Concepts 027 – Jump Through Hoops
Using the Hoops
The jump-through-hoops concept is common enough as a spoken analogy/metaphor, but it is rarely if ever illustrated on screen in presentations … until now. The hoops are split to allow something to "jump through" from the right, left, top, bottom, or diagonally – your choice. Animation makes this concept come alive. Be sure to download the animation scheme to see it in action. The animation scheme and field layering require slightly advanced formatting techniques.
These hoops cannot be created and formatted in PowerPoint 2007, so it is an important addition to all PowerPoint users. The beveled semitransparent hoops/hoop segments are backed by a field that can accept color, so the hoops can take on your template's colors easily – it's a matter of working with layered fields.
This series is also the Power Chart for 'Animated Jump-Through-Hoops Technique'.
Customizing the Hoops
Group the fields and size together. To maintain the shape, scale as you resize by holding the shift key down. Sizing should be kept to a minimum. You should choose the hoop that is closest to what you need so you don't have to size the hoop too much. This is important because of the splits in the hoop. They tend to become slightly visible with too much sizing.
Adjust the colors before you size so you don't have to ungroup your hoop segments to add color.
Before you can color the hoops, you need to understand the components of the hoops. The hoop fields below have been spread out so it is easy to see how they are made and how they accept color.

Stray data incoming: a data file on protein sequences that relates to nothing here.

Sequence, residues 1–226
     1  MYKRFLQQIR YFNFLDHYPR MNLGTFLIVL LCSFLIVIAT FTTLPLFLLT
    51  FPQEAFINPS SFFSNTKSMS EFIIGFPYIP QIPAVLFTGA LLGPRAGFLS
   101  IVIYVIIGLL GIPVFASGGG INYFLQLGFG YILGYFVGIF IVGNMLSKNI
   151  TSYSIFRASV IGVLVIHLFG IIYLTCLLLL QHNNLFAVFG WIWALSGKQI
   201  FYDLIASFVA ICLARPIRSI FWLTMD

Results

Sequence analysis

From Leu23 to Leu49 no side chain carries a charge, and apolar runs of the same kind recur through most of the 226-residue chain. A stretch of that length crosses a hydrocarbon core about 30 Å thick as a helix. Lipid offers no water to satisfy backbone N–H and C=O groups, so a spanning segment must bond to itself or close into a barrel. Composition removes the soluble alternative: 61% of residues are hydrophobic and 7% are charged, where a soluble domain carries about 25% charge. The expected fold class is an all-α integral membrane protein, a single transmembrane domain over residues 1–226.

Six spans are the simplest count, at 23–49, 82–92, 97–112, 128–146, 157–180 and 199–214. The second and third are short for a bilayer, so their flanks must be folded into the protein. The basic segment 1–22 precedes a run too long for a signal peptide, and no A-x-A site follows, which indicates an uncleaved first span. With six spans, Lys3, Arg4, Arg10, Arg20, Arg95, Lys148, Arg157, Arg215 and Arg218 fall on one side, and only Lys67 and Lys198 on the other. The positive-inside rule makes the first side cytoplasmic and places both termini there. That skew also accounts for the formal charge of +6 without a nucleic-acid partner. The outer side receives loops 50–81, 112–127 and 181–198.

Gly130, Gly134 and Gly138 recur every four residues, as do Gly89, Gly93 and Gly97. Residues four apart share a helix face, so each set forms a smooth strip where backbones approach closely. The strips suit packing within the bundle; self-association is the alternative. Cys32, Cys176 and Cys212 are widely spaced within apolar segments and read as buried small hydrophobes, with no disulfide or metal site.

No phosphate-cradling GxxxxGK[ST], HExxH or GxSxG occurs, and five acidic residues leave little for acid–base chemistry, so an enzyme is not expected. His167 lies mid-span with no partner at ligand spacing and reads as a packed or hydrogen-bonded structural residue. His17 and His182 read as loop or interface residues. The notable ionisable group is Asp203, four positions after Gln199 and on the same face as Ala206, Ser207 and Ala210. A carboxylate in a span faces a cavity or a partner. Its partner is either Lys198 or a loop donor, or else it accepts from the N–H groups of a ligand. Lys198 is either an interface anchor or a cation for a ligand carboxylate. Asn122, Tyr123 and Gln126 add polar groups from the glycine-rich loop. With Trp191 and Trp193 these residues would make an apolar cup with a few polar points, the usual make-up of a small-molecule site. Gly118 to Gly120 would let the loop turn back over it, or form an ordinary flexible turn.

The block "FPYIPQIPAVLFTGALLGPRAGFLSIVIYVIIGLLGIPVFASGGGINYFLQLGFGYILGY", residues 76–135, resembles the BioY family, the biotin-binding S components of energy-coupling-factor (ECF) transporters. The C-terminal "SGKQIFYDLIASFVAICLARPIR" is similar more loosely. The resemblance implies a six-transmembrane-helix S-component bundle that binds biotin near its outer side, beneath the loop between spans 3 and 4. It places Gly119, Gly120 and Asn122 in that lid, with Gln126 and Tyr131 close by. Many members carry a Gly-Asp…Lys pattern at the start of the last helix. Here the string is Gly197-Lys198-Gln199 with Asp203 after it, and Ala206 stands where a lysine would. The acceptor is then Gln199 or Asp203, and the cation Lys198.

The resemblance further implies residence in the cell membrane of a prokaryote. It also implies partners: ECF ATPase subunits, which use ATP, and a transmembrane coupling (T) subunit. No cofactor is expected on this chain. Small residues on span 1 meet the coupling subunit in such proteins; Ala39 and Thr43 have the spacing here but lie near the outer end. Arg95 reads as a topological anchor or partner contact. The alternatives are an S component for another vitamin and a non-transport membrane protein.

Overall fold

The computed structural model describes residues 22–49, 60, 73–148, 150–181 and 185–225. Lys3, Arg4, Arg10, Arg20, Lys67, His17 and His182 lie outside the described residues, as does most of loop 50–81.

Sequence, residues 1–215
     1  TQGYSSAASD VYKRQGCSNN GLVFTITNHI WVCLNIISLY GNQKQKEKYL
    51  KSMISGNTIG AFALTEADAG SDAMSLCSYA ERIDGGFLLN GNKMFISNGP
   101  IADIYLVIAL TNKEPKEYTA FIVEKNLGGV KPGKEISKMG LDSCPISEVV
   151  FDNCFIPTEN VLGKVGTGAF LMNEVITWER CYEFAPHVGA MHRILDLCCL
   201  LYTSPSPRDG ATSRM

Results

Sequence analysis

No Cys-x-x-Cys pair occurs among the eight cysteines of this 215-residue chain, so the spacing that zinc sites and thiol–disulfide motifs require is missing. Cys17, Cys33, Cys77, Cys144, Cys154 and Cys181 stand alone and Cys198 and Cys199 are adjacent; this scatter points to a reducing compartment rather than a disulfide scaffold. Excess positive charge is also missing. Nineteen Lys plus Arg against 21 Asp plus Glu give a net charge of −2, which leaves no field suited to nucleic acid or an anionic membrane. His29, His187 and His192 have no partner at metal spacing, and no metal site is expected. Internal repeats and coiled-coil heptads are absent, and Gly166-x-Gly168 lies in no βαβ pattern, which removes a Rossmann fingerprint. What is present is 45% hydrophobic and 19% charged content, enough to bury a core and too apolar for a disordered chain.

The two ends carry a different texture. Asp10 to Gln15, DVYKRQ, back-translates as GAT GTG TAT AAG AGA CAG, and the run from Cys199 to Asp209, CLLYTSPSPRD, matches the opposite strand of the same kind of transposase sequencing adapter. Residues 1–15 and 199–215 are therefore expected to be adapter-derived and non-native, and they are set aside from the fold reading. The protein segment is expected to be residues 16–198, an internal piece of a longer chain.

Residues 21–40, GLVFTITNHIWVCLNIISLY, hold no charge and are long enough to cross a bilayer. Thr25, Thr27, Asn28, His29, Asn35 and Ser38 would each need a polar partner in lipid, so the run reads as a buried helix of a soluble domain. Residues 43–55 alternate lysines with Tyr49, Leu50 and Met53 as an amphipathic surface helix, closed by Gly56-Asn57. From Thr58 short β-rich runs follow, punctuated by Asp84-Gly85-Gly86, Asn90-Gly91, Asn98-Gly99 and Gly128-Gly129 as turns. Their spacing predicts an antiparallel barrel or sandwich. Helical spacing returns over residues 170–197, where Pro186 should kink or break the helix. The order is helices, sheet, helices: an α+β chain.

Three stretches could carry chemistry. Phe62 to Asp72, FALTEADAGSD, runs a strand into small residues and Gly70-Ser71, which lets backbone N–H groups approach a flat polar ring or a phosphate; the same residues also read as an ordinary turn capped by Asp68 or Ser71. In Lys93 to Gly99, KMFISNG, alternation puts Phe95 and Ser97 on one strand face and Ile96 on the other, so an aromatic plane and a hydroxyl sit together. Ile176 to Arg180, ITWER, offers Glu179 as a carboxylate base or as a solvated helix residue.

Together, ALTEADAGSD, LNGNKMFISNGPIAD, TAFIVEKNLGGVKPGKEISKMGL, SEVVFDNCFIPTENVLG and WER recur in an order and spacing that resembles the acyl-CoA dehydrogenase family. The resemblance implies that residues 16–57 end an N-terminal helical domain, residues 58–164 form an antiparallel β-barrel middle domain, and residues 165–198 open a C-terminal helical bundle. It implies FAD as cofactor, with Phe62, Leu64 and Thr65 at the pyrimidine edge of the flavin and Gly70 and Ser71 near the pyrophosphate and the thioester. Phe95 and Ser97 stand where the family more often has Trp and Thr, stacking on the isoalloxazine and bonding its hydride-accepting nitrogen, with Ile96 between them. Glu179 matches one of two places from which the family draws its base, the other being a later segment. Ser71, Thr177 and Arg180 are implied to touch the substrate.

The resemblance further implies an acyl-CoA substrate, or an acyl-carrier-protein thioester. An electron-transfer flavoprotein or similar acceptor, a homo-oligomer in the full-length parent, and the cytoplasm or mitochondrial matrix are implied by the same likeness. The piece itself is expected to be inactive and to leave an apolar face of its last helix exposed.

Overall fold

Apply your palette colors or whatever colors you wish to the underlays, and the hoops will be vibrant and vivid.
Also, since you are working with layers, it's important to do your coloring first before you go onto any other types of formatting. Coloring should even happen before sizing. You want to take care of the color and then group the hoop segment overlay and underlay. That way you won't have to deal with too many layers as you are sizing and animating the hoops.
The hoops do not take color well enough to rely solely on the picture formatting options normally used to color PNGs. Also, the bevel feature does not allow for a straight, invisible cut on the hoops. Therefore, the PowerFrameworks hoops are your only option for this type hoop application and use. The splits make it possible for objects to "jump" through the hoops.
Do not add 3D to the PNGs.
Don't apply shadows to the PNGs.
Gradients, patterns, and pictures
PNGs are not eligible for this type of formatting. You can, however, apply any type of formatting you choose to the underlays as described above.
These hoops have been developed so that objects can "jump through" from several angles. The illustration below shows how to set up the angle of hoop splits depending on which way you want the object to "jump through."
To animate the object that you want to jump through the hoops, simply apply a motion path. If you want to give the object the impression of jumping, select a custom path and use either the freeform or scribble tool to draw the path. You can edit the points on the path easily if you draw it slightly off from what you need. Download the animated example to see a useful animation scheme (and correct segment layering).
The animated example is maybe more complicated that you need. For example, you may not want to have a hoop bounce in – this will eliminate a bit of layering and animation formatting.
One nice thing is that once you get the first hoop laid out text and labels and animation, you just copy the whole set of fields and place them in front and off to the side of the original hoop fields. All of the animation and layering will be correct for the second set. The only adjustment you will need to make is to the jumping object. The previous jumping object has to disappear (animated as an exit) and be replaced with the one you just copied. Aligning these two jumping objects is critical to making the chart believable. The starting point for the second jumping object must overlay the ending point for the first jumping object. This will probably take a little trial-and-error matching, and the animation path for the second jumping object that you just copied will need to be adjusted.
Series that relate to this tutorial
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